As space.com points out, the team arrived at the size of the black hole by analyzing the magnification of the foreground object in a series of images taken by the Hubble Space Telescope.

Using advanced computer modeling, the researchers were able to simulate how much light bends around the foreground galaxy that hosts the black hole.

They tested thousands of black hole sizes before arriving at a solution that matched the observations.

The black hole, located in one of the galaxies in the Abell 1201 galaxy cluster, is the first one discovered using this technique.

Although it is huge, the black hole is not very active, which means it does not absorb much matter and therefore does not produce strong X-rays.

Such black holes are almost impossible to study by other methods.

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Octopuses are one of the most interesting, mysterious and intelligent creatures in the world. Here are 30 interesting facts about these amazing animals.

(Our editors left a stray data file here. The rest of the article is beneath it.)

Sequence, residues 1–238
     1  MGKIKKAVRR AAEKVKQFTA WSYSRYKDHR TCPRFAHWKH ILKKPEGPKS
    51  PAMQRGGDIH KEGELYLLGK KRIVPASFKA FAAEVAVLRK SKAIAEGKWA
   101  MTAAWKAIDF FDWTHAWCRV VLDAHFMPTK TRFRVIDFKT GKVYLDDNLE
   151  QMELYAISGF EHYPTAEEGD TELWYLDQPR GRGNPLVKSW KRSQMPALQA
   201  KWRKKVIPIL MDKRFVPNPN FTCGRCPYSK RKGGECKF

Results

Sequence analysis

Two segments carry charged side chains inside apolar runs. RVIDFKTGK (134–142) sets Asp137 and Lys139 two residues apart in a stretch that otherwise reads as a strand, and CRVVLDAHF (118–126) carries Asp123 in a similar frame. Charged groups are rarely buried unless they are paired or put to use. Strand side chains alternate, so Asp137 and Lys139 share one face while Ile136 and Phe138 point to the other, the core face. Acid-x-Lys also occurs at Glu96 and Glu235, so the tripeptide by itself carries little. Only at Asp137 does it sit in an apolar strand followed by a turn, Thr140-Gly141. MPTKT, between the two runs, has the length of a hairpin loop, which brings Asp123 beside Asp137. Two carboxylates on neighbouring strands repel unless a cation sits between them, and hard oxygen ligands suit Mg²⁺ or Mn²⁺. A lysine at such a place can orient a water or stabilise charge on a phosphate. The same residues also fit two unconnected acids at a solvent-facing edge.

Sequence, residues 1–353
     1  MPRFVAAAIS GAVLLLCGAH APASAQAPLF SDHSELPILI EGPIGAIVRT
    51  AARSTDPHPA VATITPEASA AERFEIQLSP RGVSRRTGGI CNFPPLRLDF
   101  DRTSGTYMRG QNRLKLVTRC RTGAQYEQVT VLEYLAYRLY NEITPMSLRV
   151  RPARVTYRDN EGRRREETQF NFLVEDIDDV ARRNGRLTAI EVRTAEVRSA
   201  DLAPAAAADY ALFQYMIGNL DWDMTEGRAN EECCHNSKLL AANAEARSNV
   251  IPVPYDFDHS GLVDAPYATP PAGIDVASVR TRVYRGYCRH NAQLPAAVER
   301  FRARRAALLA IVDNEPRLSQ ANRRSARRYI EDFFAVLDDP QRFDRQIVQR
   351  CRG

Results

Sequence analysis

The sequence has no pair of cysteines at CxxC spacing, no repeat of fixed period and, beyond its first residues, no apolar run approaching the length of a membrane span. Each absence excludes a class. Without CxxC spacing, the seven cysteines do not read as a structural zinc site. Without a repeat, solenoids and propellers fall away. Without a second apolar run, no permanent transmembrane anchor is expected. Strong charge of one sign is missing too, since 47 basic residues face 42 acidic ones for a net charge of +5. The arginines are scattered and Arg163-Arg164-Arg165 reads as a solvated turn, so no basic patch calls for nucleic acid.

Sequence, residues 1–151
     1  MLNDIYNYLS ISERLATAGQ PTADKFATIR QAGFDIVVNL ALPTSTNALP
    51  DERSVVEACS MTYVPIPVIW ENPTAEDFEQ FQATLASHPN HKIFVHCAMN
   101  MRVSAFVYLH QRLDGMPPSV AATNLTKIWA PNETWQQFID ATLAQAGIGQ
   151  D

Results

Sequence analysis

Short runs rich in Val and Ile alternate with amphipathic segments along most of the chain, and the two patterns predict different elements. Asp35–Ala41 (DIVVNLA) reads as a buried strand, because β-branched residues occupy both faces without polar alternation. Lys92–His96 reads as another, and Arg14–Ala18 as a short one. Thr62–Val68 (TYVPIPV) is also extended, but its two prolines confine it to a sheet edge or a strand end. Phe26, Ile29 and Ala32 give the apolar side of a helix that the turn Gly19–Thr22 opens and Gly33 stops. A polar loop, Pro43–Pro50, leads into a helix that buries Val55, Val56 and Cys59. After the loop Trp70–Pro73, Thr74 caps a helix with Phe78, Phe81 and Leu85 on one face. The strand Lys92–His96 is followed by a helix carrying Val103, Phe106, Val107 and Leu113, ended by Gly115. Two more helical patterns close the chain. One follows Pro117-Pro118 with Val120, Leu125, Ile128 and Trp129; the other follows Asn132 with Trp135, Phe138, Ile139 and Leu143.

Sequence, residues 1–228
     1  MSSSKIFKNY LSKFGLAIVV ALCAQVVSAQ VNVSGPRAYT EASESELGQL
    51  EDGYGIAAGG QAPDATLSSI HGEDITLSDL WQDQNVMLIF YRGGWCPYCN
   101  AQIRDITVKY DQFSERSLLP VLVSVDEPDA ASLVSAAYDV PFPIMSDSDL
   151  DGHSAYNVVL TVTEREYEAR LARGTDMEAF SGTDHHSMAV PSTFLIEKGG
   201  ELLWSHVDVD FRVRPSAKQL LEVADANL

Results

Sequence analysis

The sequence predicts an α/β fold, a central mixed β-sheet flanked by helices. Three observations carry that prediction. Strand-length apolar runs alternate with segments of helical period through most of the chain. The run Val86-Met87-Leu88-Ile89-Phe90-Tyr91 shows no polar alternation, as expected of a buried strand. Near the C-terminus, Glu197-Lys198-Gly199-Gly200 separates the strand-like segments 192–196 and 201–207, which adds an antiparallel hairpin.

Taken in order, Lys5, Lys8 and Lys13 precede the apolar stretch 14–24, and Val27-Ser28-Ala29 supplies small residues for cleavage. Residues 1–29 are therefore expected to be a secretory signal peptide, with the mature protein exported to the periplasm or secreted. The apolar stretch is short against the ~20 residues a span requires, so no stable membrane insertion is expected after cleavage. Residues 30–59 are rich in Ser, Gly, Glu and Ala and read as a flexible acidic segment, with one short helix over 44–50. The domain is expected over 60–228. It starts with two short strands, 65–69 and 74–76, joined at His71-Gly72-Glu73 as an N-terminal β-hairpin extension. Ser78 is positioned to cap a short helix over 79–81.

1. Octopuses have three hearts. One of them deals with pumping blood throughout the body. The other pumps blood through the gills. The third stops working when it floats. For this reason, octopuses get tired quickly and prefer to crawl.

2. About 300 species of octopus have been discovered so far.

3. A newborn octopus is the size of a flea.

4. The oldest octopus fossil discovered is 296 million years old.

5. Octopus wrestling was a popular sport in the 1960s. The competition was a fight between a diver and an octopus in shallow water. Even the world championships in this discipline were organized in the United States.

6. Live octopus is eaten in Korea. This "delicacy" is called sannakya.

7. Many countries have banned octopus surgery without anesthesia. This is related to the intelligence of these animals.